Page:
• Deliverance

  • By: James Dickey
  • Narrated by: Will Patton
  • Length: 7 hrs and 31 mins
  • Unabridged
  • Overall
    4.5 out of 5 stars 3,929
  • Performance
    4.5 out of 5 stars 3,587
  • Story
    4.5 out of 5 stars 3,585

The setting is the Georgia wilderness, where the state's most remote white-water river awaits. In the thundering froth of that river, in its echoing stone canyons, four men on a canoe trip discover a freedom and exhilaration beyond compare. And then, in a moment of horror, the adventure turns into a struggle for survival as one man becomes a human hunter who is offered his own harrowing deliverance.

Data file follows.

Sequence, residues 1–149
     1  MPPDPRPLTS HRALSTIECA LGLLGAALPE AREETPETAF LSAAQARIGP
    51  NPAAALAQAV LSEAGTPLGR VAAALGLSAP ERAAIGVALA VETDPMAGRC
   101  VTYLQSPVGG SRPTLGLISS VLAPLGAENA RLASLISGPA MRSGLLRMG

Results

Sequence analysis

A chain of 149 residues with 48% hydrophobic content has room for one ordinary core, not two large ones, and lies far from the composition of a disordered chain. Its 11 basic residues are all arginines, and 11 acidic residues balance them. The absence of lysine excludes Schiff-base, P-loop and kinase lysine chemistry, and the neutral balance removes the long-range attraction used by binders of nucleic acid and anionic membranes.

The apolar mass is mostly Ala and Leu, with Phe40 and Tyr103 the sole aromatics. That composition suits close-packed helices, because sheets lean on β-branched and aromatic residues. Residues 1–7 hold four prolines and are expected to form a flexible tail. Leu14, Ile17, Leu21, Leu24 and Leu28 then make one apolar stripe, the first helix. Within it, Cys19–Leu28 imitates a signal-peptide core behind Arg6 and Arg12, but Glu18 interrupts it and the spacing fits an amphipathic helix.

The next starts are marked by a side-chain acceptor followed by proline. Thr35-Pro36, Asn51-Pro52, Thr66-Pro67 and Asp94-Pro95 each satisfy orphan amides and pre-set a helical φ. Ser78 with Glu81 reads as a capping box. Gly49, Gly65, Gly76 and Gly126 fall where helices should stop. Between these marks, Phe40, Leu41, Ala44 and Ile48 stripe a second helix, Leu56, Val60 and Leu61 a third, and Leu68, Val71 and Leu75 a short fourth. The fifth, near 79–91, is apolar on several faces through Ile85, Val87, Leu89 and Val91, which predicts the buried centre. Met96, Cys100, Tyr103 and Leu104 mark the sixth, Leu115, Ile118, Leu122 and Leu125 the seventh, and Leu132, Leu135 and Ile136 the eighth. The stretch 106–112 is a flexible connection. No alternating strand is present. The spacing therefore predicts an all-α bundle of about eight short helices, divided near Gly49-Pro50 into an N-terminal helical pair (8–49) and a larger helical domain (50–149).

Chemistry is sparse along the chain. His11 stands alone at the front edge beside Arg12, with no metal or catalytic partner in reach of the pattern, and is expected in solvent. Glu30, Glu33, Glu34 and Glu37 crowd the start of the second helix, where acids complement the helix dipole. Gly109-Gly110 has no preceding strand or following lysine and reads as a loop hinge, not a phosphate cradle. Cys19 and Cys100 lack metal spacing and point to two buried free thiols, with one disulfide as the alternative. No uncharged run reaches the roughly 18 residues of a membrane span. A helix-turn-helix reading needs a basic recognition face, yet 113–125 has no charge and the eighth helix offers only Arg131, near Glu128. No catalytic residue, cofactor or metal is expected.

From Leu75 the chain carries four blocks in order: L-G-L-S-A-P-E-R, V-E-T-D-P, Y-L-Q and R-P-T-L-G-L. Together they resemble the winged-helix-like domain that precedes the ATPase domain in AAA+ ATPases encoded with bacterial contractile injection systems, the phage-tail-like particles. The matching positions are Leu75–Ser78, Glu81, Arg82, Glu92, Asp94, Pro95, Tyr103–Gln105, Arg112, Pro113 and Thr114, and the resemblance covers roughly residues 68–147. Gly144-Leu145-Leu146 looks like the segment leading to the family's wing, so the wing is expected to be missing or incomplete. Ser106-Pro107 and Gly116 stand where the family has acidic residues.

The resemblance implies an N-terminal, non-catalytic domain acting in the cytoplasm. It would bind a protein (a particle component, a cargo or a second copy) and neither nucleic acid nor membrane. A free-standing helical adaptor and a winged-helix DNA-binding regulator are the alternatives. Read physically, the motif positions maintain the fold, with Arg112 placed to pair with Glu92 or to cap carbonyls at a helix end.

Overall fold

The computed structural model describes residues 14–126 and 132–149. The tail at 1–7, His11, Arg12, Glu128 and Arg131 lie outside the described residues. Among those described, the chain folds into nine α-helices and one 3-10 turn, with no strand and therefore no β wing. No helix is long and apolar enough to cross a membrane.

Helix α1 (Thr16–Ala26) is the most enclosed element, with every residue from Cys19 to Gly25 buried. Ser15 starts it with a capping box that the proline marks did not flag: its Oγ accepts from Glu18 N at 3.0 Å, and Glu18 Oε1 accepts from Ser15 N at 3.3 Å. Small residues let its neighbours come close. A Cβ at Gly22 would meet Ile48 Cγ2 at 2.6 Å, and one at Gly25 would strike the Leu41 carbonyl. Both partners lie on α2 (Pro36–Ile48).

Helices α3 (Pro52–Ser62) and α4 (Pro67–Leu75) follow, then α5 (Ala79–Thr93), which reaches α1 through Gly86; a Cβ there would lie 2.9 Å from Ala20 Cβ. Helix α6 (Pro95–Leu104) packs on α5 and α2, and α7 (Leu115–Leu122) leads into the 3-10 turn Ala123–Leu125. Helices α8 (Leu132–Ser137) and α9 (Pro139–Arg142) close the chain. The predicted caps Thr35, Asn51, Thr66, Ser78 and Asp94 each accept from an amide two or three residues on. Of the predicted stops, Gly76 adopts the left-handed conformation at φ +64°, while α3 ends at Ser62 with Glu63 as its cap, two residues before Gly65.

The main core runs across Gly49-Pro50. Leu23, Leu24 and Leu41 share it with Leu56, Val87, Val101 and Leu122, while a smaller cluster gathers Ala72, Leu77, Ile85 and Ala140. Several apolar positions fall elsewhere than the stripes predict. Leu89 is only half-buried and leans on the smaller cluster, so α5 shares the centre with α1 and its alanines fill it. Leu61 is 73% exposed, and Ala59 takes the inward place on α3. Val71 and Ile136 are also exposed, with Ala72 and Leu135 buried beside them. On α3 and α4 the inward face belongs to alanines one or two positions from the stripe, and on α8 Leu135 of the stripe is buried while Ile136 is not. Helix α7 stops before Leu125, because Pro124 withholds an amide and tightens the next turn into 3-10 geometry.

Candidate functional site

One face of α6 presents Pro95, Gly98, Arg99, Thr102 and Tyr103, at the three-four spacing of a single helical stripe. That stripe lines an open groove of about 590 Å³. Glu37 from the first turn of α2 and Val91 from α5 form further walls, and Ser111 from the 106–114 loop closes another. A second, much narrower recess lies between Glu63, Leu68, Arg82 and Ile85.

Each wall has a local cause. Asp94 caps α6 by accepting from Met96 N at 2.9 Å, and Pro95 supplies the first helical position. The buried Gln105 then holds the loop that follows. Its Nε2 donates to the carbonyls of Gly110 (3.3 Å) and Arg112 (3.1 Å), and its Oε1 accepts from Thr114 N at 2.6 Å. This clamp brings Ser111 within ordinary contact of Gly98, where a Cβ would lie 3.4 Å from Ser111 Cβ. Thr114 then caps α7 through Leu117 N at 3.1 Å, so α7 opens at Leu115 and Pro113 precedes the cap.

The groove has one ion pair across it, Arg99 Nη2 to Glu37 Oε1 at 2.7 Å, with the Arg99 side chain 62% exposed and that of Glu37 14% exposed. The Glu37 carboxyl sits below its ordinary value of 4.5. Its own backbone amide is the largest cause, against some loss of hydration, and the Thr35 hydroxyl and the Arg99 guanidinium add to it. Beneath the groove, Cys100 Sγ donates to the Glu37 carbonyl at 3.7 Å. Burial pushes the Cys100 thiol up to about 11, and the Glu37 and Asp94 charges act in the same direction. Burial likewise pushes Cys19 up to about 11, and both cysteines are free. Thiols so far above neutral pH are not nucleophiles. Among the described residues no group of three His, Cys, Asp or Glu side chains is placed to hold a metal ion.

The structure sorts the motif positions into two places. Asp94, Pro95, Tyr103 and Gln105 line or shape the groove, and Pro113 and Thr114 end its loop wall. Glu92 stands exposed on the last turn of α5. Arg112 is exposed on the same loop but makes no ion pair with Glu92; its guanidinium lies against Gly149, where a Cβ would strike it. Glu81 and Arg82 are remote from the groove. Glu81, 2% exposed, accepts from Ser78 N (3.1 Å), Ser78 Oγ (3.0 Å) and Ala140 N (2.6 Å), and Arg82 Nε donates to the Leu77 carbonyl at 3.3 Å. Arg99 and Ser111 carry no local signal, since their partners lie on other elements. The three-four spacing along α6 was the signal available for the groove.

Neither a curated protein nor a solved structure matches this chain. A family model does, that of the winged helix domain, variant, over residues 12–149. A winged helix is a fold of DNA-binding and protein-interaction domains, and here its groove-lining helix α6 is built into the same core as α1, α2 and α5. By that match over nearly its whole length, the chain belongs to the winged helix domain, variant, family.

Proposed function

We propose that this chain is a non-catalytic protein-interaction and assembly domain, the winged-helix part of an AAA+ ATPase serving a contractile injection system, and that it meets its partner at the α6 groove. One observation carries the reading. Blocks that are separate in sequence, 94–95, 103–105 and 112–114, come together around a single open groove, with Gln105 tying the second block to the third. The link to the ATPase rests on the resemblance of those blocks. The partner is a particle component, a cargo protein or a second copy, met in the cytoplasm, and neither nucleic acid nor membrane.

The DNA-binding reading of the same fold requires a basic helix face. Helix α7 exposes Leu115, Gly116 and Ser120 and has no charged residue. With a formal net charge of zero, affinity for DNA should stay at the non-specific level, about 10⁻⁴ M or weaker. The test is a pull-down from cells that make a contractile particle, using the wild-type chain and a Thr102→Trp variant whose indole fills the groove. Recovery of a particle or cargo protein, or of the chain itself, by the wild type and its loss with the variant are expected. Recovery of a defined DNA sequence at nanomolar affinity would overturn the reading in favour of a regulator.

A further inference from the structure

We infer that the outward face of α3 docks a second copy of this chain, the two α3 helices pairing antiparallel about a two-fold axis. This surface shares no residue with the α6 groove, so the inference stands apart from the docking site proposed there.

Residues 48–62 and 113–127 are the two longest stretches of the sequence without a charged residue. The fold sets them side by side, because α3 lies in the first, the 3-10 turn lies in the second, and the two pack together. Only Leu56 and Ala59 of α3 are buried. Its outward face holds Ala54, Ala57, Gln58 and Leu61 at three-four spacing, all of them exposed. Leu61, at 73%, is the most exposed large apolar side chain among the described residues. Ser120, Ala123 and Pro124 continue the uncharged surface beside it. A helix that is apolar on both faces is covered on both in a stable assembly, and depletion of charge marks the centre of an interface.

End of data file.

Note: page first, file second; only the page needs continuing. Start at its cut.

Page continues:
• 5 out of 5 stars
  • "A river runs through it..."

  • By karen on 11-01-13

American Literature in an Adventure Genre

Overall
4 out of 5 stars
Performance
5 out of 5 stars
Story
3 out of 5 stars

Reviewed: 10-26-13

Any additional comments?

I downloaded James Dickey's Deliverance because I'd never seen the movie and was looking for a relatively short, entertaining listen to fill the space between detective thrillers from Sandford, Burke, and others. Deliverance filled the bill nicely in giving me something to listen to, but came up relatively short on entertainment. I found the story to be engaging and if I was looking to have deep thoughts about the implications of one man's struggle against the wild and other men I probably would have enjoyed it more. In other words this novel is justifiably considered part of the body of American literature rather than a "beach read".